The bodywork and repairs are finished and it looks like the Fiat is ready for a new coat of Imron white. This will give me some time to work on the rest of the bits, so they are ready to go back on when she comes back from paint. There are limited number of test days at the local track and the one in May I need to be ready for.
|Newly made fiberglass hood with new stiffeners on the underside|
and original machined aluminum air vent grills.
The problem with the original FRP hood, was it had no structural reinforcement on the under side like sheet metal hoods do. This wasn't a factor when the car was not moving, but at speed, air pressure was bowing the hood up slightly. To add stiffness, I made a template for this reinforce structure that needed to avoid areas that might interfere with components in the engine bay. This template was used to cut 1/2" rigid polyurethane foam, then the foam piece was fiberglassed into the back side of the hood. I also had quick release hood mount pins and 2 machined aluminum grills to fit into the finished hood. Back when we first decided to make a lighter FRP hood, dad and I felt the air vents in the hood would be more successful in aluminum, since reproducing those in fiberglass was beyond my abilities at the time. I removed the vents from the original hood and carefully glassed them into the new hood.
|A Stock Fiat 128 sl coupe chassis|
|The same area of the Fiat 128 ski|
|Pedal area with the slightly lowered floor.|
The two tubes coming through the floor
tie into the control arm mounting assembly.
| Front control arm mounts in a "not stock" |
sub assembly, tied into the roll cage.
|Custom radius rod brackets, now with |
spherical bearings. (removed)
|Engine mount (on left) moved down and |
duel master cylinder mounting bracket.
Reinforced chassis member and new
shock towers, all tied into the tube frame.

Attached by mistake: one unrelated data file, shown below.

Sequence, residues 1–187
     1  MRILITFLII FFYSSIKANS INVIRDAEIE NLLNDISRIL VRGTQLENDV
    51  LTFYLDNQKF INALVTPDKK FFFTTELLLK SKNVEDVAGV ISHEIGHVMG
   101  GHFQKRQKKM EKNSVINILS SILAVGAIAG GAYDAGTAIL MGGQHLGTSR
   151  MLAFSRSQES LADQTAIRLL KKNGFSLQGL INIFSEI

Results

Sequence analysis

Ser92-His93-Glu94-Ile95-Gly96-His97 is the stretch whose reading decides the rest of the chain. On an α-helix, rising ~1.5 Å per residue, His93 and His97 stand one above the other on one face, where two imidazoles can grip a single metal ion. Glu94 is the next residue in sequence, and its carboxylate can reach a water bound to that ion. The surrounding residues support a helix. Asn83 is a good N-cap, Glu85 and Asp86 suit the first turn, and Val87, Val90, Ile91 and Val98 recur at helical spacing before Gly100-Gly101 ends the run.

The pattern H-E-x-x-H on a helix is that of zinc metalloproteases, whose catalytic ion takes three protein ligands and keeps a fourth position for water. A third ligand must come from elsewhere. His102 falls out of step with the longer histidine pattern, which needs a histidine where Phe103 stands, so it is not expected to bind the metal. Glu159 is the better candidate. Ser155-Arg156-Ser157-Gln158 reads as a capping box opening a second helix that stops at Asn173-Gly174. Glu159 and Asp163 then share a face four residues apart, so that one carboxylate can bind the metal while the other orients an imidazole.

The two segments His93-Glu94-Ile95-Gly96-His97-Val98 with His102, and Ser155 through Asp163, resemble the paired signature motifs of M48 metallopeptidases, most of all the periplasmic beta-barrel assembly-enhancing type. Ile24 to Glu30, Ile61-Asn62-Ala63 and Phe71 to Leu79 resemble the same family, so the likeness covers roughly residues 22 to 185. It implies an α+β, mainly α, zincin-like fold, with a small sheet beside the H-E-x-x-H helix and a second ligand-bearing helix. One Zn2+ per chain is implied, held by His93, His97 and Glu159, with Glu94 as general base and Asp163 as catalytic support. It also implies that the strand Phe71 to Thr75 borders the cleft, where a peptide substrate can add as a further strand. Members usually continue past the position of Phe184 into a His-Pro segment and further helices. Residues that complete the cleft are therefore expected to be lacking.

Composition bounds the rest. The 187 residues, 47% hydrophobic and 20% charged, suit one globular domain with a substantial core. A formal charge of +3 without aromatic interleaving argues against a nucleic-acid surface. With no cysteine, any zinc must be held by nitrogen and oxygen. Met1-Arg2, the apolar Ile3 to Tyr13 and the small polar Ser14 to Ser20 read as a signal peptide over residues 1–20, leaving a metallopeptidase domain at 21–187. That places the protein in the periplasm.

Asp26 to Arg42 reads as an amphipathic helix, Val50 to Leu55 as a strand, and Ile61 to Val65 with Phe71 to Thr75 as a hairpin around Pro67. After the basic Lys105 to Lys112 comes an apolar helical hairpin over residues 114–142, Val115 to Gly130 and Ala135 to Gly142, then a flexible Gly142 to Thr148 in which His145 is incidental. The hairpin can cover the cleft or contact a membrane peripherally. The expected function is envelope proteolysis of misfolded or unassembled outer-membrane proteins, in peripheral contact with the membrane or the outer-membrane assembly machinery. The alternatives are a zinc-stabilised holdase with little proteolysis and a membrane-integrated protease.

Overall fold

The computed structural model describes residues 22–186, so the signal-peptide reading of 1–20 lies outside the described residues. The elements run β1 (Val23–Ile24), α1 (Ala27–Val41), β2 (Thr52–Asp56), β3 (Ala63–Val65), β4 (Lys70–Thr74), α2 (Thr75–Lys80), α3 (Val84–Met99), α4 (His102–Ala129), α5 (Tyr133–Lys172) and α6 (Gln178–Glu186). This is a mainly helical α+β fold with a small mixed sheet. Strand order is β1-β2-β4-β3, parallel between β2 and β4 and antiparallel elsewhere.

|Rear suspension mounts again, |
all reinforced and raised into the car.
Opening for the ATL Fuel Cell.
After addressing the rust repair, I need to make sure that anything that requires heat, hammering or welding is done now, while the car is bare. With all these modifications, one of these areas I've need to focus on is making sure all of the threaded insets or studs are not damaged. Some I've masked, others I can run a tap into to clean up any residue. Luckily there seems to be no rust damage to any of the mountings.
The last issue I have issue, is I am taller and have bigger feet than my dad. So, I tested out my seating position one more time and have decided I need more room for my feet. The clutch pedal is pretty close to the down tube of the cage/ frame but, I can make that work. But it forces my left foot too close to the brake pedal and I don't need to get my feet tangled finding the brake. I am hesitant to start cutting pedal brackets on the original set up. Dad did this to get the pedals where they are now, and I'd like to preserve his work here. I internet search shows me Midwest Bayless to the rescue! A complete pedal box & clutch, brake pedal unit is $69.00. I've ordered one and use it to make my re-positioned pedals, keeping the original, well, original.
|Pedals still need to be moved back,|
but now my feet don't hit the box.
Now my feet have the room. Off to paint and on to suspension restoration.